Property managers work hard to maximize profits for property owners. Since property managers are on the front lines dealing with prospects, tenants, and vendors, they have a unique perspective on your income property. It pays to lean on the professional experience of your property manager.
Here are five things property managers wish real estate owners knew about income properties.
1. Finding Qualified Tenants Can Be Difficult
Property managers like to keep low vacancy rates to maximize income for the property owner.
But finding qualified tenants isn’t always as easy as you might expect. Savvy property managers market the unit to qualified buyers using smart features like PropStream’s Landing Page Creator. Landing pages are single-page websites created solely to provide more information about the property and invite tenants to apply. Property managers can then market the property all over social media and even create online ads to drive traffic to this landing page.
A unit may sit vacant for a few weeks, but your property manager is likely doing everything possible to find a qualified tenant.
2. Tenants Can Be Hard on the Property
Property owners are regularly surprised by how hard tenants can be on a property. Property managers insert clauses in the lease to mitigate damage, and they keep an eye on the property’s exterior, but without legal permission to enter the residence, there’s only so much a property manager can do.
Furthermore, when processing deposit refunds, property managers might not be able to use the deposit to cover some of the damage. In most states, the landlord is expected to handle painting costs and cleaning costs after a certain number of years because of “normal wear and tear.”
3. Accepting Pets Can Generate More Income
Your property manager knows that lots of renters have pets. By accepting pets, your units will be in greater demand. In addition to renting faster and for more money, most states allow property owners to charge a monthly “pet rent,“ which increases profits for the owner.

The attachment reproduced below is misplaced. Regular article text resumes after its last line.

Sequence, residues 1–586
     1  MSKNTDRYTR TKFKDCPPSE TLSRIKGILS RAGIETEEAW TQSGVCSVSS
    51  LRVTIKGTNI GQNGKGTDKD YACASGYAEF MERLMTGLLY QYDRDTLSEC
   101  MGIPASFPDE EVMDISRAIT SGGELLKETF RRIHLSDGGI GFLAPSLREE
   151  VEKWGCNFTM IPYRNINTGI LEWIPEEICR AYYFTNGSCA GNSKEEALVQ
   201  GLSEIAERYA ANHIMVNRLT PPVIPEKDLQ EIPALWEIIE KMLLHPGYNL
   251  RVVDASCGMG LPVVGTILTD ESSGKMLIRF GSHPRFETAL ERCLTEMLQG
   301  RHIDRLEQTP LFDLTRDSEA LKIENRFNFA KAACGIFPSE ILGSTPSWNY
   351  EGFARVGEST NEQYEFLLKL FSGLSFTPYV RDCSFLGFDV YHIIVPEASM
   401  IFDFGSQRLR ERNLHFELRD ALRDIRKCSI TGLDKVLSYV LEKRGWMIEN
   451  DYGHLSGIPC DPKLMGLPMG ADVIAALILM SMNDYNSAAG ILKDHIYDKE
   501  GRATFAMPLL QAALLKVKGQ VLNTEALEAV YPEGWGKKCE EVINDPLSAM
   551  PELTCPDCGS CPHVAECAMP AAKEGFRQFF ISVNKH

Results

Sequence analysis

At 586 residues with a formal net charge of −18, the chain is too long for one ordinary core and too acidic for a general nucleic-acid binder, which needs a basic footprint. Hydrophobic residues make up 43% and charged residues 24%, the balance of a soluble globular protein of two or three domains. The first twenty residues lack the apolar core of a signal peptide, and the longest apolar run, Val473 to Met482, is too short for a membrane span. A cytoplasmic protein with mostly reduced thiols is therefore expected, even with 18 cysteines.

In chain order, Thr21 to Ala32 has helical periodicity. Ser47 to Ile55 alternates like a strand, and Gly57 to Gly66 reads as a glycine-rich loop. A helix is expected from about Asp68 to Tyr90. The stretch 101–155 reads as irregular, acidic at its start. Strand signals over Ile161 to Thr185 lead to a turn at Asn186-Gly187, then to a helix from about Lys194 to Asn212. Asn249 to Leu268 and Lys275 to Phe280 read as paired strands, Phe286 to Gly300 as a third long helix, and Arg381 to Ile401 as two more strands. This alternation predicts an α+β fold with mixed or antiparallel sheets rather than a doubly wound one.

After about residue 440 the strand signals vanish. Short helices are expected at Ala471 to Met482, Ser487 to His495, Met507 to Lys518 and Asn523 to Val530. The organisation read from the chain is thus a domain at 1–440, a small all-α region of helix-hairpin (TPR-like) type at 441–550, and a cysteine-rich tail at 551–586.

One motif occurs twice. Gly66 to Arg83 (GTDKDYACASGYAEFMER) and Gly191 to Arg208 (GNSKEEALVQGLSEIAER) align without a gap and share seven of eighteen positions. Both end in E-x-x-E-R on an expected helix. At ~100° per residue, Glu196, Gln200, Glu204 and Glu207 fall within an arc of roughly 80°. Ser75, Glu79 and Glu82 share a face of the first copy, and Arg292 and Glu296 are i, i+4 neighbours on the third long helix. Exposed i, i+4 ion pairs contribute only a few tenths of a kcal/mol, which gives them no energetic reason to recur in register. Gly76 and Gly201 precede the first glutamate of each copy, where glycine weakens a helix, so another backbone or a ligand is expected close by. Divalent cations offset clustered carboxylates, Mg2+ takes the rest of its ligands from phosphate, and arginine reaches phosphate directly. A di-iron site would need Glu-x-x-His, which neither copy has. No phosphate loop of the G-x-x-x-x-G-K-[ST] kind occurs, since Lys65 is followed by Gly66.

If you’re worried about pet damage, most states allow you to charge a “pet deposit” in addition to the standard security deposit. This pet deposit can be used as needed to cover any damage caused by the pet.
4. Rehabbing the Property Will Increase Your Bottom Line
A rehabbed property makes your property manager’s life a lot easier. The units will have more interest from qualified renters, making it easier for your property manager to keep the units occupied. But the main reason to rehab the property is to increase your bottom line. You’ll be able to charge higher rents for a rehabbed property.
To maximize your ROI, use PropStream’s rehab estimator tool when projecting your rehab costs. This tool uses local material and labor costs so you can more accurately estimate project expenses and plan accordingly.
5. Common Areas Don’t Get Much Use, But They Move Units
As a property owner, you may be disappointed to see that residents aren’t taking advantage of your common area amenities like fitness centers, pools, or greenspaces. But your property manager wants you to know that these areas generate heavy interest during property tours. People imagine the lifestyle these amenities will provide, and they fall in love with the property because of them.
It’s not a bad thing that they don’t get much use on a daily basis. It means less wear and tear and lower maintenance costs. So before deciding the little-used fitness center should be converted into another apartment, consider how these common area facilities seal the deal during property tours.